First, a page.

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Vegetation Management

In the fall of 2021 I experienced my worst robbing year ever. The goldenrod and knotweed came and went, the bees packed in the honey, the asters made their feeble debut. Normally cold temperatures quickly follow, a cue that keeps the bees tucked in tight and minding their own business.

Recently (and by that I mean the last two or three years), those feeble asters signal something else; a fall dearth with no brood and warm weather. With no brood to tend, and temperatures good for flying, all that’s left is foraging — right in each others’ hives. Feeding sugar syrup didn’t really help. Who’d want sugar water when there’s all this delicious honey to be had for the taking?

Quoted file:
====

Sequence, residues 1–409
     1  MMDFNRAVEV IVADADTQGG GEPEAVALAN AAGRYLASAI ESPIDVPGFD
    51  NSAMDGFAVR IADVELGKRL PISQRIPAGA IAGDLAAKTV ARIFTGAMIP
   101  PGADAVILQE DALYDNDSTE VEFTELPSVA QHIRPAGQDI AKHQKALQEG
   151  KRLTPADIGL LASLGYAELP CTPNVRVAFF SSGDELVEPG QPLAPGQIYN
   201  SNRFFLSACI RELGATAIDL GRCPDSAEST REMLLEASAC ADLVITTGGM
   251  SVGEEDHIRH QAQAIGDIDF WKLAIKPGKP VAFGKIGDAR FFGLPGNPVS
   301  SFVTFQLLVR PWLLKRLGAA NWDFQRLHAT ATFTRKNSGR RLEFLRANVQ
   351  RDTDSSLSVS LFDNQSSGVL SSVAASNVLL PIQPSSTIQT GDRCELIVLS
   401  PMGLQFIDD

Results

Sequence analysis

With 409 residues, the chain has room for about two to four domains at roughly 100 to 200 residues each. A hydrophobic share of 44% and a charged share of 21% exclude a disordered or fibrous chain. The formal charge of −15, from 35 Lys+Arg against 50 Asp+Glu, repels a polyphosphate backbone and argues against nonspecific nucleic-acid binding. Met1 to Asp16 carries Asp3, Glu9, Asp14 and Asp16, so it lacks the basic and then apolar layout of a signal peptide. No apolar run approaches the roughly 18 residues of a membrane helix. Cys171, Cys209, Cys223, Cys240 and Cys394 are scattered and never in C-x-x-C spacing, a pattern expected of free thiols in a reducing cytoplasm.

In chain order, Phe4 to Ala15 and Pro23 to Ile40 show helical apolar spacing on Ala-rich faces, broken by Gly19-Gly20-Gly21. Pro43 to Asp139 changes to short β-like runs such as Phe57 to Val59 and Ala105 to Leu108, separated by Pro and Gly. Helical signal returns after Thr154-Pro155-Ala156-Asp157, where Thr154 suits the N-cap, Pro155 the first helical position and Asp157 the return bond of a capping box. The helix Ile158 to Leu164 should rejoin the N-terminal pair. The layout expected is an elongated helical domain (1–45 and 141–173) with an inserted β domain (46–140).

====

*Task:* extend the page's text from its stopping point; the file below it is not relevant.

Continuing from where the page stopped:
To address this, I’m testing some goldenrod management. If mowed, goldenrod will regrow and blossom, but out of step with the natural crop. Thus begins my experiment:

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The first cut, made June 6. About 12 feet wide and at about 6 inches off the ground. I’d like to say it follows the apiary fence, but I simply didn’t walk straight.
The first cut a week later. I started a second cut to the right.
The second cut, June 14, has the same dimensions and follows the general path of the first.

I’ll do one more cut next week. If this works, this first cut will bloom after the natural goldenrod dies off, the second a week later, and then the third. I’ll track which cut gives the most growth and flowers, if I cut too early or too late, and search for a sweet spot to prolong my goldenrod bloom.

The other step I’ll try is to seed some Canada goldenrod, a variety that blooms later than the tall goldenrod common to my field.

The real metric will be: does this affect the robbing frenzy?


Not all goldenrod produces nectar for bees. If you’re interested in identifying goldenrod species in your forage area try this field guide (pdf)

 

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